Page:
Tadeusz Reichstein / Philip Hench
1951 Max Theiler
1952 Selman Waksman
1953 Hans Krebs / Fritz Lipmann
1954 John Enders / Thomas Weller / Frederick Robbins
1955 Hugo Theorell
1956 André Cournand /
Werner Forssmann / Dickinson W. Richards
1957 Daniel Bovet
George Beadle /
Edward Tatum / Joshua Lederberg
Severo Ochoa / Arthur Kornberg
1960 Frank Burnet / Peter Medawar
1961 Georg von Békésy
Francis Crick /
James Watson / Maurice Wilkins
1963 John Eccles / Alan Hodgkin / Andrew Huxley
1964 Konrad Bloch / Feodor Lynen
François Jacob / André Lwoff / Jacques Monod
1966 Francis Rous / Charles B. Huggins
Ragnar Granit / Haldan Hartline / George Wald
Robert W. Holley
Robert W. Holley / Har Khorana / Marshall Nirenberg
Max Delbrück /
Alfred Hershey / Salvador Luria
Bernard Katz /
Ulf von Euler
Ulf von Euler / Julius Axelrod
1971 Earl Sutherland Jr.
Gerald Edelman / Rodney Porter
Karl von Frisch
Karl von Frisch /
Konrad Lorenz / Nikolaas Tinbergen
Albert Claude /
Christian de Duve
Christian de Duve / George Palade
David Baltimore /
Renato Dulbecco / Howard Temin
1976 Baruch Blumberg / Daniel Gajdusek
Roger Guillemin /
Andrew Schally / Rosalyn Yalow
Werner Arber /
Daniel Nathans / Hamilton O. Smith
1979 Allan Cormack / Godfrey Hounsfield
Baruj Benacerraf /
Jean Dausset / George Snell
1981 Roger Sperry /
David H. Hubel
David H. Hubel / Torsten Wiesel
Sune Bergström /
Bengt I. Samuelsson / John Vane
1983 Barbara McClintock
1984 Niels Jerne / Georges Köhler / César Milstein
1985 Michael Brown / Joseph L. Goldstein
1986 Stanley Cohen / Rita Levi-Montalcini
1987 Susumu Tonegawa
1988 James W. Black /
Gertrude B. Elion
Gertrude B. Elion / George H. Hitchings
J. Michael Bishop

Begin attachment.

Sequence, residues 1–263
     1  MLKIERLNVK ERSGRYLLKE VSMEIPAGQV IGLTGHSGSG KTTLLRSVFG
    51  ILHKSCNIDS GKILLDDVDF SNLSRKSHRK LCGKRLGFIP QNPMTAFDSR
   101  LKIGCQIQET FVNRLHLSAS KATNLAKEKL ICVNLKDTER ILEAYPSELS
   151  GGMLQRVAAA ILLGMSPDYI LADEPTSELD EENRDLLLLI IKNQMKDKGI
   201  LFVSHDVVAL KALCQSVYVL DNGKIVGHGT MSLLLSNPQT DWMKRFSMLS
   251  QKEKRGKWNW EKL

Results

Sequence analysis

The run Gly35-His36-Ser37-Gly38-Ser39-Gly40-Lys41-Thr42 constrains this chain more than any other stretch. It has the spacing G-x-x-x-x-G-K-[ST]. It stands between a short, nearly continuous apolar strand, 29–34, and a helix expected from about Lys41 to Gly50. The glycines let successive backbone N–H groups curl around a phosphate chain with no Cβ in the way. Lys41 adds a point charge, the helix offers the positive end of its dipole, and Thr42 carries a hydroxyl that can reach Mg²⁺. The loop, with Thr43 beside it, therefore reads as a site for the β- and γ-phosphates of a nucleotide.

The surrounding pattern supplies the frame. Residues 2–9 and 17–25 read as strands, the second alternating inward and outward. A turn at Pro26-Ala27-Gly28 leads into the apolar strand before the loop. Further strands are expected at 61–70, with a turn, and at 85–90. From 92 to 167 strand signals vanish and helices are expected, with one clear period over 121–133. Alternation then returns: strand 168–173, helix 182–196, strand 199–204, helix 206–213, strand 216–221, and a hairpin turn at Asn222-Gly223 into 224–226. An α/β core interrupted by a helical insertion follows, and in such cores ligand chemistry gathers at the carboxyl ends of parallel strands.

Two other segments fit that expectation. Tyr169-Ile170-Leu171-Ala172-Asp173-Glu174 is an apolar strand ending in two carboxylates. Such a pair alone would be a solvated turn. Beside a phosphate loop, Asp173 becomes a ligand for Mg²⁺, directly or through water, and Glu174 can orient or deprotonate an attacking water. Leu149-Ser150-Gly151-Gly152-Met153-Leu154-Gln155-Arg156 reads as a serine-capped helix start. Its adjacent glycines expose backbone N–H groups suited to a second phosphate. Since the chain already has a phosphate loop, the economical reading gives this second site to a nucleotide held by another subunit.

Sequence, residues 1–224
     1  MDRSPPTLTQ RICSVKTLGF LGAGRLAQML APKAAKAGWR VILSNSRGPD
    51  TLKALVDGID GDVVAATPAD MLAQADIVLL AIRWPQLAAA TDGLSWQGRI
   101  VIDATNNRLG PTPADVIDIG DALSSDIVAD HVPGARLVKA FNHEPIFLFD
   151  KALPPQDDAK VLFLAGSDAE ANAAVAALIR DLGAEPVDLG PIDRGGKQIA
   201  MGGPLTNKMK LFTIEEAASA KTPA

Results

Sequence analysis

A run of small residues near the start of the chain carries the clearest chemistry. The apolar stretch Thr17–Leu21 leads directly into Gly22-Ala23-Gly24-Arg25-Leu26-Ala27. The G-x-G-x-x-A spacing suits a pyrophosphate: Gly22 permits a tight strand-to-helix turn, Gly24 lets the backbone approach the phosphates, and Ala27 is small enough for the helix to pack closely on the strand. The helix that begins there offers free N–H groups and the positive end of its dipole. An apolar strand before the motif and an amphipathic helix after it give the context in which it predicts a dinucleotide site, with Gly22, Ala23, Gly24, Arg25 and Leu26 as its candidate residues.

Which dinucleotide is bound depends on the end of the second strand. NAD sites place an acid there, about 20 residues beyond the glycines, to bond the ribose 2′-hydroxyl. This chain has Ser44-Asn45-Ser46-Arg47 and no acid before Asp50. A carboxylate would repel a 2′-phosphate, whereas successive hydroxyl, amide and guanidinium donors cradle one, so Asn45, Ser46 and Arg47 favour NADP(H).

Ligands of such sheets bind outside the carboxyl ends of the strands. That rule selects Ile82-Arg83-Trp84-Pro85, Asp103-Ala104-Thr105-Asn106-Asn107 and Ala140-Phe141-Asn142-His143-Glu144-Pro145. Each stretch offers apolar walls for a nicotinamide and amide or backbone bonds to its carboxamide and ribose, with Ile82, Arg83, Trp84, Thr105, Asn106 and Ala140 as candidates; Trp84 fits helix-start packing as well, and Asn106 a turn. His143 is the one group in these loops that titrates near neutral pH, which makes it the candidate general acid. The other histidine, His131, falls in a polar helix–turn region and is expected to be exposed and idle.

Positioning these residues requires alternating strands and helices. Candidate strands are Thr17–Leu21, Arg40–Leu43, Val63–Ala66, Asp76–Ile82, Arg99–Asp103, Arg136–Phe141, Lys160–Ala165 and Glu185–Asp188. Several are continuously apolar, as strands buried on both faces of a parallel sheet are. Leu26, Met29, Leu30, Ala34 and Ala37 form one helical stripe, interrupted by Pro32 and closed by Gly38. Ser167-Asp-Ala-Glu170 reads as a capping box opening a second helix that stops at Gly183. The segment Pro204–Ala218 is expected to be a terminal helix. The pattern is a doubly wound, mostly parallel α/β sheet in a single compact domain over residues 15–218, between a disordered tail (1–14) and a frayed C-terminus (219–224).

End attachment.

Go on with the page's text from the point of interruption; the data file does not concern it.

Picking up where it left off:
J. Michael Bishop / Harold E. Varmus
Joseph Murray / E. Donnall Thomas
Erwin Neher / Bert Sakmann
1992 Edmond Fischer / Edwin G. Krebs
Richard J. Roberts
Richard J. Roberts / Phillip Sharp
Alfred G. Gilman
Alfred G. Gilman / Martin Rodbell
Edward B. Lewis
Edward B. Lewis /
Christiane Nüsslein-Volhard / Eric F.
Peter C. Doherty
Peter C. Doherty / Rolf M. Zinkernagel
1997 Stanley B. Prusiner
Robert F. Furchgott
Robert F. Furchgott /
Louis Ignarro / Ferid Murad
1999 Günter Blobel
Arvid Carlsson /
Paul Greengard / Eric Kandel
Leland H. Hartwell /
Tim Hunt / Paul Nurse
Sydney Brenner /
H. Robert Horvitz / John E. Sulston
Paul Lauterbur / Peter Mansfield
Richard Axel / Linda B. Buck
Barry Marshall / Robin Warren
Andrew Fire / Craig Mello
Mario Capecchi /
Martin Evans / Oliver Smithies
Harald zur Hausen
Harald zur Hausen /
Luc Montagnier / Françoise Barré-Sinoussi
Elizabeth Blackburn /
Carol W. Greider
Carol W. Greider / Jack W. Szostak
2010 Robert G. Edwards
Bruce Beutler /
Jules A. Hoffmann / Ralph M. Steinman
John B. Gurdon
John B. Gurdon / Shinya Yamanaka
James Rothman /
Randy Schekman / Thomas C. Südhof
2014 John O'Keefe /
May-Britt Moser / Edvard Moser
2015 William C. Campbell /
Satoshi Ōmura / Tu Youyou
2016 Yoshinori Ohsumi
2017 Jeffrey C. Hall, Michael Rosbash, Michael W. Young
ISNI: 0000 0001 1856 2501
BNF: cb13746673x (data)